The Mitsubishi makes a comeback when it comes to space in the back of the cabin. There’s more back there than in the other two, particularly in the legroom department, but headroom is equally good even with a panoramic sunroof. The fact that the rear bench can slide and recline just adds to the attraction of travelling in the rear of the Eclipse Cross.

The Karoq also has a sliding and reclining bench as well as a panoramic sunroof, but it can’t match the Mitsubishi. The Nissan has a fixed bench but even with the panoramic sunroof you’ve lots of headroom.

Skoda Karoq 1.5 TSI 150 Edition

Price: £27,110
Engine: 1.5-litre, four-cylinder, turbo, petrol
Power: 148bhp
Torque: 184Ib ft
Gearbox: 6-spd manual
0-60mph: 9.2sec
Top speed: 126mph
Economy: 51.4mpg
CO2 emissions: 125g/km

If you need a big boot, then it’s the Karoq for you. It can take nine carry-on cases, against the six in the Nissan and the five in the Mitsubishi. That’s a significant advantage.

Costs

The Mitsubishi undercuts the others on price though. It’s almost £5000 less than the facelifted Qashqai, with all three vehicles in top spec. It’s the cheapest on finance too. Add to that the forecast the Eclipse Cross will hold its value very well and you’re looking at cheap running costs when combined with sensible insurance and servicing costs.

The weakness is that fuel consumption isn’t great and nor are emission figures, which makes it a possible no-no for company car drivers who will have to fork out about £750 more over three years compared to the Skoda Karoq.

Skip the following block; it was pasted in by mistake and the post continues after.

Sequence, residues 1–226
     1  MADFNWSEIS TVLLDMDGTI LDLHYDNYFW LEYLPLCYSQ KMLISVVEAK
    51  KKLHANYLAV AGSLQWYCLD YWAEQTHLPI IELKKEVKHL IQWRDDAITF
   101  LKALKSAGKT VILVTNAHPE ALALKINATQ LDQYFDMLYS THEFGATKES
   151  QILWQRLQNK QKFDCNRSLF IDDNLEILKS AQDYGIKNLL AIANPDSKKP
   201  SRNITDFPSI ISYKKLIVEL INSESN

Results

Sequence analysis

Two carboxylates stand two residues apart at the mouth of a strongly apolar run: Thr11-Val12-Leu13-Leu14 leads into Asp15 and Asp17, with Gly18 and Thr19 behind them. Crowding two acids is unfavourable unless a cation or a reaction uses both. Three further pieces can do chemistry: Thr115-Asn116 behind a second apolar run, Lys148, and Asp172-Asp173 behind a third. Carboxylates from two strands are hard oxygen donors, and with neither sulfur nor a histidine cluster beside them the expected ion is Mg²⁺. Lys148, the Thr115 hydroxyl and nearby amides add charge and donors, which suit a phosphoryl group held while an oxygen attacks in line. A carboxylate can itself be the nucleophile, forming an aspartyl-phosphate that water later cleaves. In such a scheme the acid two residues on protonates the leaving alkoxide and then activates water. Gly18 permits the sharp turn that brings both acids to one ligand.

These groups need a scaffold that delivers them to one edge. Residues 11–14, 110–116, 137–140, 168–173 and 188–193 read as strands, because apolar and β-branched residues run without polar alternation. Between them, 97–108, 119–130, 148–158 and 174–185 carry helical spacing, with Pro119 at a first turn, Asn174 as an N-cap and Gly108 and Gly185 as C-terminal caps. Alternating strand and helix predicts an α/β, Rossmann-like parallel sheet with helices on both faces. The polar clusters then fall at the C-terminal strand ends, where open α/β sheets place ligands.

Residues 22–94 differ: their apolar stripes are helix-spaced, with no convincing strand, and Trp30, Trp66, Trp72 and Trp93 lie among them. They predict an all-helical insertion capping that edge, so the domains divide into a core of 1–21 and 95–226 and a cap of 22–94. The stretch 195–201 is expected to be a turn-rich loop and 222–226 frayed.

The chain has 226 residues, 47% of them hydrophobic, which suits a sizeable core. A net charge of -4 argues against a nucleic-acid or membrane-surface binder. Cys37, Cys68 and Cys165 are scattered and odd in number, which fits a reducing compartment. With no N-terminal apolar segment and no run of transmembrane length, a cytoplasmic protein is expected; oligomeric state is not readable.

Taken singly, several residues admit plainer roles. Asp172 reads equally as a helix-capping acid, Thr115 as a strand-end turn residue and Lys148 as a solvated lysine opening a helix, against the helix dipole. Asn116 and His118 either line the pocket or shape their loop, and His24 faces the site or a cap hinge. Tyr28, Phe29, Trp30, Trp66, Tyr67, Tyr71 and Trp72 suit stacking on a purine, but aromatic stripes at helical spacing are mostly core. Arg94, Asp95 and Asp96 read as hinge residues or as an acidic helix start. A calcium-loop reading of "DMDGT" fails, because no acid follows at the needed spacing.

All three are Euro NCAP five-star cars, with all getting good levels of safety technology, including automatic emergency braking, as standard. Reliability throws some differences in there though, with Mitsubishi scoring stellar points compared to the Skoda, which in turn comfortably beat the Nissan.

Verdict

About ten years ago the Nissan Qashqai was king of this class, but now it looks a bit old and is surprisingly expensive. Against it, the brand new Mitsubishi Eclipse Cross looks like very good value, and offers more, and more flexible, space and has a good forecast for being reliable and economical to own.

But both those are some way behind the Skoda Karoq. It’s the best vehicle to drive here by a margin, and also has the most upmarket cabin including the best infotainment system. It’s classy, practical and thoroughly modern and fends off new and old with reasonable ease. At least that gives some families something to cheer about.

Read more: 

The best SUVs for real-world fuel economy

Review: Skoda Karoq Edition

Driving lesson changes: learner drivers allowed on motorways from next month

 

Volkswagen Up GTI review - fun-packed pocket rocket

Volkswagen make a big deal about the connections between this Up GTI model and its predecessors. Particularly the original Golf GTI, to which

Jaguar E-Pace review: Easy living for executive SUV

Jaguar’s E-Pace compact sports SUV follows on from the brand’s first foray into Range Rover territory with the F-Pace.While its

Mazda CX-3 review

You know that old line: “The rain, in Spain, falls mainly on the plain.” Well, driving the attractively refreshed Mazda CX-3 on

Hyundai Kona review

Yes, this is a Hyundai. No it’s not a concept. It’s an actual car that you can walk into a dealership and order today.For people